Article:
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May 27, 2024
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AirInsight attended this year’s 2019 North American International Auto Show in Detroit, where two companies are showing off their personal transportation vehicles. This follows Bell’s display of its new technology last week at the Consumer Electronics Show in Las Vegas. New drone-based technologies and urban mobility concepts go well beyond traditional aerospace in their applications, and as a result Paris and Farnborough may no longer be the only shows for introducing new aircraft technologies, even when built by key industry players.

This year in Detroit, two aviation companies showed their wares.  One, SureFly, brought a prototype of its two-seat personal hybrid-electric helicopter to the show, which we have previously seen at EAA Oshkosh and Paris.  While this drone-inspired rotorcraft remains under development and is in the process of certification (or will be when the government re-opens) has an empty weight of 1950 lbs, a payload of 522 lbs, and eight motors located on four arms.  The aircraft will have a maximum speed of 70 knots and a maximum flight time of 2.5 hours.  As a hybrid, its piston engine can be refueled quickly, without the need for a battery recharge in normal operations.

This aircraft is different from a helicopter, and different from an aircraft, which brings us certification issues.  Does this fit under Part 27, Part 23, Part 25, or a bit of each.  The FAA is going to have an interesting assignment in certifying new technologies that don’t fit within the existing regulatory frameworks.

With a target price of about $200,000, this helicopter does not utilize a collective, but instead has a single joystick control for an enhanced flight control system that offers flight envelope protection and fly-by-wire, and includes an advanced autopilot.  Safety systems on the aircraft include a redundant flight control sensor, battery backup for emergency descent, as well as a full aircraft emergency ballistic parachute.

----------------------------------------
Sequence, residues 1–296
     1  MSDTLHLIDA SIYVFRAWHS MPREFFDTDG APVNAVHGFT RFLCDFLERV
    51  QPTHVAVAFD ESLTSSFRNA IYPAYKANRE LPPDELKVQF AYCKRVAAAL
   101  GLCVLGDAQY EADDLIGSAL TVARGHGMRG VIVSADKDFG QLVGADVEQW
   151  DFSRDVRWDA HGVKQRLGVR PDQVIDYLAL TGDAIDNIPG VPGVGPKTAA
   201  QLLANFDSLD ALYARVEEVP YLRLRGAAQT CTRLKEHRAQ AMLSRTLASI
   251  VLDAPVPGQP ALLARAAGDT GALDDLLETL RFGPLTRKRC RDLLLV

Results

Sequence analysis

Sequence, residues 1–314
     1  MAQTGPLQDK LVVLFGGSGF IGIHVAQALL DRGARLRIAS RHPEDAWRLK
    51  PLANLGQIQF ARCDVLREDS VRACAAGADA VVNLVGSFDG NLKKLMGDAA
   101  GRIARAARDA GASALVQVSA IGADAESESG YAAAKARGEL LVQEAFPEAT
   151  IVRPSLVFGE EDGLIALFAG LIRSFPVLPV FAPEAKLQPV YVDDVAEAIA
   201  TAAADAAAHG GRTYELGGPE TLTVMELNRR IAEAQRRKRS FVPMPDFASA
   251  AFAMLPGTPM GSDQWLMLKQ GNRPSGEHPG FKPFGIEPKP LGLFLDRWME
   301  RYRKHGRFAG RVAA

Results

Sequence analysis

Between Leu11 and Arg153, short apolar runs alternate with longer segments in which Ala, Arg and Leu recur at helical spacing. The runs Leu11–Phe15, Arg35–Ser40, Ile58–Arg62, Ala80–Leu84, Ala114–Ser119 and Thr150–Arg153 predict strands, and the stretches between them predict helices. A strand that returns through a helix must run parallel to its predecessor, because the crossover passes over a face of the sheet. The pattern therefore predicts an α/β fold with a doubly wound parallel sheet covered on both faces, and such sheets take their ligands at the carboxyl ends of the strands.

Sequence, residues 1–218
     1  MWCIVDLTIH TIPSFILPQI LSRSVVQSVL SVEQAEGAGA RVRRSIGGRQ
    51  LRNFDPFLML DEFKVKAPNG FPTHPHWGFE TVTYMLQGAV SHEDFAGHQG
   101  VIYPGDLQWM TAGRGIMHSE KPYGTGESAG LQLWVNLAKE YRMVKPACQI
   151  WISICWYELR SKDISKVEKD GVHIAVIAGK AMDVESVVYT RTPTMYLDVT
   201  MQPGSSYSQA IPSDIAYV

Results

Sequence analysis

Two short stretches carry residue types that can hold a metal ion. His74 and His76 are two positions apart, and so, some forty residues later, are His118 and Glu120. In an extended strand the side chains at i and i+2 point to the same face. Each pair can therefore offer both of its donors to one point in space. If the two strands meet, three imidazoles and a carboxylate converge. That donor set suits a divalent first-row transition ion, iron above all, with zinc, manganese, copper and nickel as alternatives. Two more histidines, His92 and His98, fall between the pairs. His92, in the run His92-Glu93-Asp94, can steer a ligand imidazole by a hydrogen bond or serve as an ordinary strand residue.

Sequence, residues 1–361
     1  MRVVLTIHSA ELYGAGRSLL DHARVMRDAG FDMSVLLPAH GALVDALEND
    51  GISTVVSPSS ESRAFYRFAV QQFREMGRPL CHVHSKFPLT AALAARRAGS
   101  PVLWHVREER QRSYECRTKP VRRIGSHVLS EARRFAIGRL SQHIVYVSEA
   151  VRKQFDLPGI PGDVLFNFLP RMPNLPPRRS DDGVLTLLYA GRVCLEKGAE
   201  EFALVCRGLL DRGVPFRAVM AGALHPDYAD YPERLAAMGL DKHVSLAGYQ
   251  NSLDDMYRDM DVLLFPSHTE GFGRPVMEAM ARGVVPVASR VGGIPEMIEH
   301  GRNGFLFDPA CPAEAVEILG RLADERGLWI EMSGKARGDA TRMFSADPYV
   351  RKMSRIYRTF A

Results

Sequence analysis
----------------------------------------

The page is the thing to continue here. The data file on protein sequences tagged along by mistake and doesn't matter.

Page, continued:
Another prototype was shown by ASX – Aerospace Experience Technologies, who are based at Detroit’s Coleman Young (nee City) Airport.  ASX are developing MOBi-ONE, an autonomous electric VTOL aircraft.  The concept, which is under development, was represented by a sub-scale model, is expected to take off like a helicopter, fly like a plane at a top speed of 250 mph, and land like a helicopter within distances of 60 miles.  Leveraging existing Electric Vehicle architecture and autonomous technologies, this class of aircraft has been enabled by advances in electric propulsion, automation, and lightweight materials.

The company expects consumer costs to be comparable to an Uber XL for similar distances, providing cost-effective travel.  Detroit Aircraft, the parent of ASX, will build and certify the prototype under Part 27.  That company was founded in 2011 and has built more than 70 small VTOL electric aircraft since 2013 for civil and military applications.  

The Bottom Line:

Technology is crossing over industry lines, and experiences from automotive, aerospace, and high tech companies are merging in control systems and software development, and are each leveraging battery, electric motor, and advanced materials technologies for product improvement.  The next key breakthrough in one technology element will impact multiple industries as applications converge.  Keeping up with technology is becoming more complicated, as aerospace companies now need to monitor new players as innovative urban mobility development concepts reach for the skies.

author avatar
Ernest Arvai
President AirInsight Group LLC

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